For immediate release:

Implementing safety measures to prevent dog attacks:

         [BOWRAL, NSW: March 19, 2018] — Following the call to introduce tougher legislative measures with dog owners after the recent spate of dog attacks on young children and community service providers, professional dog behavioural trainers are urging the public to understand and practice the importance of responsible pet ownership to help prevent further incidents from occurring.

“Dogs are often blamed for their aggressive and disruptive behaviours but they’re mostly a creation of their living environment, especially if the required instructions to manage boundaries, rules, and social interaction have not been put in place,” says DogSmart Australia’s director, Olga Hromow.

A 20-year veteran in dog behavioural training, Olga Hromow was the longstanding colleague of the late John Richardson, author of two best-selling books, The Dog Whisperer (2001) and Whispers of Wisdom (2006). John was one of Australia’s foremost authorities on instinctive dog behaviour and the pioneer of holistic rehabilitation for dogs.

“I believe that it’s vital to promote responsible pet ownership, which is the key to creating a safer environment for dogs and the community-at-large,” adds Ms. Hromow. “Dogs instinctively read our level of energy and react accordingly, irrespective of our good intentions. In the same way, a dog will protect his territory if he feels that it’s being compromised. If the territorial boundaries within the home have not been established and the dog has not been taught how to socialise with people including young children or other dogs, any form of territorial aggression can escalate with terrible consequences.”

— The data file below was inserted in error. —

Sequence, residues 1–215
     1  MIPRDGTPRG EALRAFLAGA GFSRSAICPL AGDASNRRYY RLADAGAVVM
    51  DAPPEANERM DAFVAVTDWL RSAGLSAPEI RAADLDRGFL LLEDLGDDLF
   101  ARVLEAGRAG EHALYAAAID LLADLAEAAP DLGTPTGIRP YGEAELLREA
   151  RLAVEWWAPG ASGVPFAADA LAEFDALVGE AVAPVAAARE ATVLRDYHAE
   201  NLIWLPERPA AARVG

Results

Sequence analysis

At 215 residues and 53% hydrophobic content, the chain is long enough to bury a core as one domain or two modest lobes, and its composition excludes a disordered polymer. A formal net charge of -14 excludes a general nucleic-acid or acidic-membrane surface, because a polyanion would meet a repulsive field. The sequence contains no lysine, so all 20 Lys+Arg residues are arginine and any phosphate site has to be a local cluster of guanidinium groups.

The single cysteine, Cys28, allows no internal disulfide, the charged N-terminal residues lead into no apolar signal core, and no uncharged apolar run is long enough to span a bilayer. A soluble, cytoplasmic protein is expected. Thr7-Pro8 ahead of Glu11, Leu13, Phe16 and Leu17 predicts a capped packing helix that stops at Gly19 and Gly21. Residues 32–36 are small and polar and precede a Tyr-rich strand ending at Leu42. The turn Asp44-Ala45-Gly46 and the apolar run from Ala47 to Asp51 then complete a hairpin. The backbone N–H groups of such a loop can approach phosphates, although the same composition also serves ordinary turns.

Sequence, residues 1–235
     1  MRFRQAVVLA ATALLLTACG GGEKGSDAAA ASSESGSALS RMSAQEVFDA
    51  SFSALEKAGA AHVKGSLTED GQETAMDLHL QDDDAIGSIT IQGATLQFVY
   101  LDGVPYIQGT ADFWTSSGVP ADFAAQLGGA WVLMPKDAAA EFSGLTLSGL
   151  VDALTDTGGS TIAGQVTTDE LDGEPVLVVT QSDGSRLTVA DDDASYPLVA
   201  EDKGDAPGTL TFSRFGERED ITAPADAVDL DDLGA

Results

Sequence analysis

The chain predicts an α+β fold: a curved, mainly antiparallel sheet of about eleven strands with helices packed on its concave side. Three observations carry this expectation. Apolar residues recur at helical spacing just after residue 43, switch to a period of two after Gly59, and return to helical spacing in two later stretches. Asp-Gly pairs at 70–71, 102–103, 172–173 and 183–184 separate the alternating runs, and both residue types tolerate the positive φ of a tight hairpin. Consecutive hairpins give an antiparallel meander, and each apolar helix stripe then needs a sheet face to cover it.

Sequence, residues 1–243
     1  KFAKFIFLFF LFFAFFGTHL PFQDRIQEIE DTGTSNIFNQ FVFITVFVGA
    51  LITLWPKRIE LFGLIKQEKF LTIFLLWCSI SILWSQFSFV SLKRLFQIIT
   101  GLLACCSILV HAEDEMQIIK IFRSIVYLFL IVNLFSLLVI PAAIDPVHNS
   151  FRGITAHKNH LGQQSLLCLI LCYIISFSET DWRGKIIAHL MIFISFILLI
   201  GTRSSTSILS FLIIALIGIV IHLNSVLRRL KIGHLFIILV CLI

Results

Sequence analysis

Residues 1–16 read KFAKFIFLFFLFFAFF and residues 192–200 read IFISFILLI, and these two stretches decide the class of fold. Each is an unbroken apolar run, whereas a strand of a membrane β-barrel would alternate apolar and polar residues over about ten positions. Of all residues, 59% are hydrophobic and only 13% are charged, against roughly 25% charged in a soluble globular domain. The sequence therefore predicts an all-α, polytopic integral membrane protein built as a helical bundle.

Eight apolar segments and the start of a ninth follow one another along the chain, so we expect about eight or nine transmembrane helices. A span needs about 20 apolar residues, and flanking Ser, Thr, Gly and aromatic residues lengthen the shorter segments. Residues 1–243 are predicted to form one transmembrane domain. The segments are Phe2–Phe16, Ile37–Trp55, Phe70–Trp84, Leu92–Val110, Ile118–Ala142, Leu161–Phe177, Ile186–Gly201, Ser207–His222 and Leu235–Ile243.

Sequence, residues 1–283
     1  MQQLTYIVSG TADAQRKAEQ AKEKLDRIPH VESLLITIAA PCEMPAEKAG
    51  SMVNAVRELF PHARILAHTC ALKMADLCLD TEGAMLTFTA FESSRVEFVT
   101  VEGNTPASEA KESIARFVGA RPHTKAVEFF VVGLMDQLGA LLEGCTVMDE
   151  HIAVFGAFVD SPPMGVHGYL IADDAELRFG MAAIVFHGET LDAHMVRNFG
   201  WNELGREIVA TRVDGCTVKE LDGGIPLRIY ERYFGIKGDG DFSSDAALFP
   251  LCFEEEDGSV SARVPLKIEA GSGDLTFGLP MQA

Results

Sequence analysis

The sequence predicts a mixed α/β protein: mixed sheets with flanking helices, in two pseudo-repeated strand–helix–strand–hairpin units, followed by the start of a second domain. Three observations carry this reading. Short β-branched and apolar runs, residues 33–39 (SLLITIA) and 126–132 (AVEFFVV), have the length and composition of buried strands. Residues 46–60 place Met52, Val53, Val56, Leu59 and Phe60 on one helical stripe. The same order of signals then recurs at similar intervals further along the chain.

Understanding the mind of a dog:

Understanding how a dog thinks and responds are the first steps in creating mutual trust, leadership, and a lifelong bond. “Everyone in the household plays an important role in the care and wellbeing of their pets. For this reason, I make it a priority to instruct all household members on the rudiments of instinctive dog behaviour and the importance of socialising their dog from an early age or as soon as possible,” says Ms. Hromow.

This includes teaching dog owners and carers competent leadership, handling skills and safety principles in any form of interaction and how to establish and maintain a safe, calm and well-managed environment for the dog. Additionally, prevention strategies are prioritised in the training process to counter potential dog attacks and how to identify the triggers that create them.

There are other techniques applied in the management of dogs and taught in dog behavioural training — especially on dog walks, in risky situations when dog owners encounter other dogs and excited children, and when a community service provider is entering a property. For young children, there are also direct-instructional Pet Safety and Care programs in place.

“What concerns me is how dogs are behaving more aggressively and how vulnerable children and adults have become. It’s easy to blame it on the perceived lack of legislation but dog owners need to remain apprised of the required legislated duties and responsibilities,” says Ms. Hromow.

As such, all dog owners are required by law to erect safe and secure fencing and for dogs to be on a leash and under the control of a competent handler when it’s out in the community. The Companion Animals Act 1998 and the Companion Animals Regulation (2008) outlines the dog owner’s legislated duties and responsibilities in NSW. Further information can also be sourced directly from Local Council.

“Professional dog training provides many untold benefits. We owe it to our children and the public to create a safe, loving and harmonious environment for all pets,” adds Ms. Hromow.